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Singer-songwriter Wesley Willis, a 300-pound diagnosed schizophrenic who went from street performer in Chicago to cult hero during the 1990s, died Thursday after a long battle with chronic myelogenous leukemia. He was 40.

Willis wrote his own songs, primarily about his favorite rock ‘n’ roll artists, which ranged from Elvis Presley to Jets to Brazil. He also sold his accomplished pen drawings of cityscapes, often on Chicago buses.

An outsider artist who self-released many albums, Willis, who played on a portable keyboard, was embraced by the city’s rock community, including the Smashing Pumpkins, and he landed a contract with Rick Rubin’s American Recordings in 1996.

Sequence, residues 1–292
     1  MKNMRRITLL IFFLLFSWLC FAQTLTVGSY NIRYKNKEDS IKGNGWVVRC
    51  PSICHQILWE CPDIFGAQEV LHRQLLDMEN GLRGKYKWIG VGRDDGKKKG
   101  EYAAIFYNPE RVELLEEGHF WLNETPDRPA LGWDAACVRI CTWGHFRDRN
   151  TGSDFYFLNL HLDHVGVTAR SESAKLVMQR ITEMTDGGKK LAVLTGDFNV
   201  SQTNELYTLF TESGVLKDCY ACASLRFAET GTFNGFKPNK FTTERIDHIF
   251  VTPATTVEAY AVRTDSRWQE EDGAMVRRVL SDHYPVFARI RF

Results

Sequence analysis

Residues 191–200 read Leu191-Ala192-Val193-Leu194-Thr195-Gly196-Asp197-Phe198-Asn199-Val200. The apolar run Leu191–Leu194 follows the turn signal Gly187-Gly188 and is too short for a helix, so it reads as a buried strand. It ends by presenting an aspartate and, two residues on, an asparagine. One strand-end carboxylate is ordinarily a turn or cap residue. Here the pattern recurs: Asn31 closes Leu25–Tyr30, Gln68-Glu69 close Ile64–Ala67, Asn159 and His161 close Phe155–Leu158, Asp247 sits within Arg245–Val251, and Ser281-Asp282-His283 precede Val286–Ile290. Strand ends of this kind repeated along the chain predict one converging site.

The two albums he released for the label deviated little, if at all, from formula: three chords, a chorus with the subject’s name repeated over and over, and an outtro featuring the slogan, “Rock over London, rock over Chicago.” In performance, Willis had a tendency to battle with audience members and was known to challenge strangers to fights or, on occasion, leave the stage before finishing a show.

Willis’ “Greatest Hits Vol. 1” was released in 1995 by Alternative Tentacles, the label run by former Dead Kennedys front man Jello Biafra. A second volume followed in 1999, and a third will be released Oct. 7. It will feature video footage of Willis as well as downloads and an art and photo gallery.

Funeral arrangements have not yet been announced.